5. I don't like What if... threads. I agree they should have a separate sub-forum, but I'm fine with just passing them over. What if I did like them? Then I would disagree with my point. I also hate hate threads. I have read some great posts on this forum about mythology, political science, philosophy, history, and even geography. This type of comparative analysis can add a lot to understanding the story, often without quoting ASoIaF even once because it's not needed. When it comes to comes to analysis or theories regarding the actual story, i.e. plot, theme, character, setting, mood, mystery, literary devices or story-telling technique, then citation makes the argument a lot stronger. It's the only way to do it really. All these things are put in place by the author using nothing but words. Trying to explain what the author is saying without using the words he has given us for that specific purpose is like trying to build a jigsaw puzzle without using the pieces. The books are layered so re-reading clearly helps, as does the quantity and quality of literature you consume, but that does not always translate into understanding the series. At the end of the day, an argument stands or falls on its own merits, regardless of how many times the poster read the books or how long they've been on the forum.
  6. Let me just say that I think the 3 KG's presence at the ToJ means it is most likely that the baby was there too. In this scenario returning Dawn to House Dayne was probably enough motive for Ned's trip to Starfall. However, as I firmly believe that Arthur survived the ToJ and took the black, I think there are other factors that compelled Ned to go there. To be honest, I don't know what to make of Ashara's situation. I think she was part of Rhaegar's inner circle. I wonder if she was at the ToJ, perhaps as a female companion for Lyanna? If Lyanna gave birth at the tower and was too unwell to travel, then perhaps Ashara took the baby to Starfall while the KG remained at the tower with Lyanna. An interesting and indeed tragic aspect to all this is the rumor that Ashara had recently lost a baby herself. If Ashara bonded with Lyanna's child and then Ned arrived at Starfall to take the child back to Winterfell, then maybe it was too much for Ashara so she took her own life. But the Daynes seem to have had respect for Ned, so I doubt Ashara took her life over something Ned did. My gut says she didn't kill herself at all, which suggests one of the assumed identity theories like Septa Lemore or Howland's wife or whoever would be true, but I don't know which one, if any.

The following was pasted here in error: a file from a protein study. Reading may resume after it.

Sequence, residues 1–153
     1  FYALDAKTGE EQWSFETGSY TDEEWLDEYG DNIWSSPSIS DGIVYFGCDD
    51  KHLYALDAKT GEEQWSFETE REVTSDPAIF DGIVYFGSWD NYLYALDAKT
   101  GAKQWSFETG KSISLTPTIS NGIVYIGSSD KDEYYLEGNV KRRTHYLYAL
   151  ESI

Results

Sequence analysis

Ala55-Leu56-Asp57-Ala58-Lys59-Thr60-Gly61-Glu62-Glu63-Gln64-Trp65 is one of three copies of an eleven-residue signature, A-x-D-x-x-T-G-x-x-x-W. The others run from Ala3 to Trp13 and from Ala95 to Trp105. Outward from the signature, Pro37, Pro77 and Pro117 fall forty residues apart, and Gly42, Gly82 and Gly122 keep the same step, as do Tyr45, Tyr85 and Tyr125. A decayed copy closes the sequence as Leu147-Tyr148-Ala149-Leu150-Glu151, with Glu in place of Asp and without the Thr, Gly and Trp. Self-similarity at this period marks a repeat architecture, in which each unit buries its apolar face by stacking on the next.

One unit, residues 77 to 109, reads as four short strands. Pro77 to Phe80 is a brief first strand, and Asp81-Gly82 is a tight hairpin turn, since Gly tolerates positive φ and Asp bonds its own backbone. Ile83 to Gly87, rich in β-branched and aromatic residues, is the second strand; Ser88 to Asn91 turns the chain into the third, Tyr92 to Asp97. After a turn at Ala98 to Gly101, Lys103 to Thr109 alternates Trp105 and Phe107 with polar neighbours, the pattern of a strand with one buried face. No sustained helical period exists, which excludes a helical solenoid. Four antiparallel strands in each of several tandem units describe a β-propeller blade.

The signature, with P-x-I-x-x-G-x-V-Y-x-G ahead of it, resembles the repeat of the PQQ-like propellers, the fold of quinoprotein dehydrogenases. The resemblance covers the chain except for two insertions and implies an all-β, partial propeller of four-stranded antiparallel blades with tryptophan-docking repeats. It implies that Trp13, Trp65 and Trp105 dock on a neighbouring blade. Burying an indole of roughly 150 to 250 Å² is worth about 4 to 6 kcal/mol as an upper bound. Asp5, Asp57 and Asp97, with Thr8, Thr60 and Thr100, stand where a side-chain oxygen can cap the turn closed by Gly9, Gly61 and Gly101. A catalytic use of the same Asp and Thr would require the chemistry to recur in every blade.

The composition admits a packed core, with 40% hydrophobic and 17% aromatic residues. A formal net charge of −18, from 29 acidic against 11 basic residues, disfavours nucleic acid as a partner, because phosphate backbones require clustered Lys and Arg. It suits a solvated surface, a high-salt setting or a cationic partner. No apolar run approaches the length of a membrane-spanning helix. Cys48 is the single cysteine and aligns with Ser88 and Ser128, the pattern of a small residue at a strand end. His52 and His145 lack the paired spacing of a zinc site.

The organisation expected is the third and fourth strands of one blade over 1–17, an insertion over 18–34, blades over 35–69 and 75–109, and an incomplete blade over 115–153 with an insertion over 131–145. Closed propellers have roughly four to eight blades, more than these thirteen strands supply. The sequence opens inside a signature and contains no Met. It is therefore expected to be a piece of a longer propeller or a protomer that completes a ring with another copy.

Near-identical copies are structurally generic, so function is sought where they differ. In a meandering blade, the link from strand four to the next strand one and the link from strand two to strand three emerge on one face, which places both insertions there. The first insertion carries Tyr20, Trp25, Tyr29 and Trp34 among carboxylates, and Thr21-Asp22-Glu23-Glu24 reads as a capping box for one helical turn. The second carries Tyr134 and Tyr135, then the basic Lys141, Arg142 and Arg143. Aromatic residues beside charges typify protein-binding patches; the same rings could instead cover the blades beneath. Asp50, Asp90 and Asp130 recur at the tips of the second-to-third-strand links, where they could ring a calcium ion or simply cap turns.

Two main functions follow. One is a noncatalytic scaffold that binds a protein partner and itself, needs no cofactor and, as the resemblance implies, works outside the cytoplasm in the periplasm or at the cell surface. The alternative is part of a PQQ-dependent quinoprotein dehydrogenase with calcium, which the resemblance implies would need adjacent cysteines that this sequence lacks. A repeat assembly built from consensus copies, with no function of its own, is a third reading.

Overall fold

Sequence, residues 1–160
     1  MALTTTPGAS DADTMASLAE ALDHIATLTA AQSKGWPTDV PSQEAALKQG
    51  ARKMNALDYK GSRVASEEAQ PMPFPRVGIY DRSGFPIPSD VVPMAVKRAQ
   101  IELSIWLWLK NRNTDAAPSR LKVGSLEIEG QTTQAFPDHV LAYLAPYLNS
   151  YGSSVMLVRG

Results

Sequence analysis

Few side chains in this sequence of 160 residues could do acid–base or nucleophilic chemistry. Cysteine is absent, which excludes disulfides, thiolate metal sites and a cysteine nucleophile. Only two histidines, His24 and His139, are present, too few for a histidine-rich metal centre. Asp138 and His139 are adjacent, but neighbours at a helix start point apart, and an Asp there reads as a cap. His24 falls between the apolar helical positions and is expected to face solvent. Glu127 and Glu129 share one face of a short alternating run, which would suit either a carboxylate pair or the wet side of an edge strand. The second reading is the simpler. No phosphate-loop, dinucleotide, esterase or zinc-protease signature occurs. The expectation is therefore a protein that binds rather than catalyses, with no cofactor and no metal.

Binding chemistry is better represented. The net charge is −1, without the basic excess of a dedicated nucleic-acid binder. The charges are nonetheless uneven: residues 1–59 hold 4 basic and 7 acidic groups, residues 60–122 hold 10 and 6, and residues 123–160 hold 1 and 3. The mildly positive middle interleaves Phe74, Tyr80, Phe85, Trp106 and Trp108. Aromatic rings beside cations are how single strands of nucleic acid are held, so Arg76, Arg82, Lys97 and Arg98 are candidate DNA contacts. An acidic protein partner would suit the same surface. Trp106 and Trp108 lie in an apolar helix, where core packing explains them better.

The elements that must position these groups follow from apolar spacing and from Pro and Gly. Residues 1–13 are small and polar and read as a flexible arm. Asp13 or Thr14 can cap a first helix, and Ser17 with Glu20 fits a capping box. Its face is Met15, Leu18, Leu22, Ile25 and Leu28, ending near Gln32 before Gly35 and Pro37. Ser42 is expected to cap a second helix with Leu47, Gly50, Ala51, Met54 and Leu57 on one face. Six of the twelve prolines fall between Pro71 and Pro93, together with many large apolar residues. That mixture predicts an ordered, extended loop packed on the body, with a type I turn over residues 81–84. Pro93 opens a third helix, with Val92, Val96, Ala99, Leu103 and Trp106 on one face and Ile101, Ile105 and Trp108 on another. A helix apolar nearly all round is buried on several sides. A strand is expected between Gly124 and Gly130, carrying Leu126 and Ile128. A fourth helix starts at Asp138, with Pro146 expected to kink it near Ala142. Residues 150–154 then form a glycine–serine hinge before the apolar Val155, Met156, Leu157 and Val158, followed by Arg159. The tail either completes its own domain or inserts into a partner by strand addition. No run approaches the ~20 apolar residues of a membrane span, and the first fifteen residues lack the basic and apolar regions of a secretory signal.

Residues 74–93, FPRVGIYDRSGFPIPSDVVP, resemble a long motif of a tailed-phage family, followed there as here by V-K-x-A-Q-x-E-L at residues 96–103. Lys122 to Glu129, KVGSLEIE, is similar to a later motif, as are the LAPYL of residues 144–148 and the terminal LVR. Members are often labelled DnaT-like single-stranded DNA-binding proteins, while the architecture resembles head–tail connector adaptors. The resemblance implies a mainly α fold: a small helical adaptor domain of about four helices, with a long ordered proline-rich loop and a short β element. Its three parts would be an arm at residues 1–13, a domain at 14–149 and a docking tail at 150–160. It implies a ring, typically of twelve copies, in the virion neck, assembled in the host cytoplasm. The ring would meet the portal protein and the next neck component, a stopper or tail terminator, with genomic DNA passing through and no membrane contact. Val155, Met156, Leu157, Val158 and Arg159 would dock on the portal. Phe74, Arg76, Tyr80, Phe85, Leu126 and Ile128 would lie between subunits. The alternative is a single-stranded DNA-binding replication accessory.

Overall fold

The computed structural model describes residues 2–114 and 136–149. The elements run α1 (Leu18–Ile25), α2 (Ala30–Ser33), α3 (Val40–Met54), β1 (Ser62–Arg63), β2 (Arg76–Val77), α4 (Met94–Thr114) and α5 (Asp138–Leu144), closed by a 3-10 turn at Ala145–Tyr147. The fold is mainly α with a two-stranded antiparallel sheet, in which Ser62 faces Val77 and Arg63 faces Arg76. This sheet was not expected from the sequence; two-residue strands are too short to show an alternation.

7. No, I'm just taking the full quote. and there's more that Qhorin says about Mance that doesn't really fit with Mance being Arthur, like him being born of wildling raiders and when he forswore his oath he was only going back to the wild. That fits with what Mance says about himself being as low born as a man can be. Add to that Qhorin saying that Mance never learned to obey. I just don't think Mance fits with being Arthur. It was Qhorin and Dayne who said the line about knees bending easily. But my main point here is that an undisciplined, never anointed, low born Arthur who never learned to obey is nothing like the character Jaime, Barristan, and Jon Connington recall. I don't buy it. His use of the same first name seems a little silly to me in such a scenario. Only really tinfoil in a Lord Dustin was clearly a faceless man, hence fleeing to Braavos sort of way. He did change a letter of his first name and was clearly smarter than Oswell. Agreed. I don't think that is necessarily so. I think Ser Arthur being snared in Howland's net and Ned offering him the block or the black is very plausible. If the other kingsguard survived too, and indeed Lord Dustin, then a different dynamic would have been in place at the end of the battle at the tower and that would have to be explained.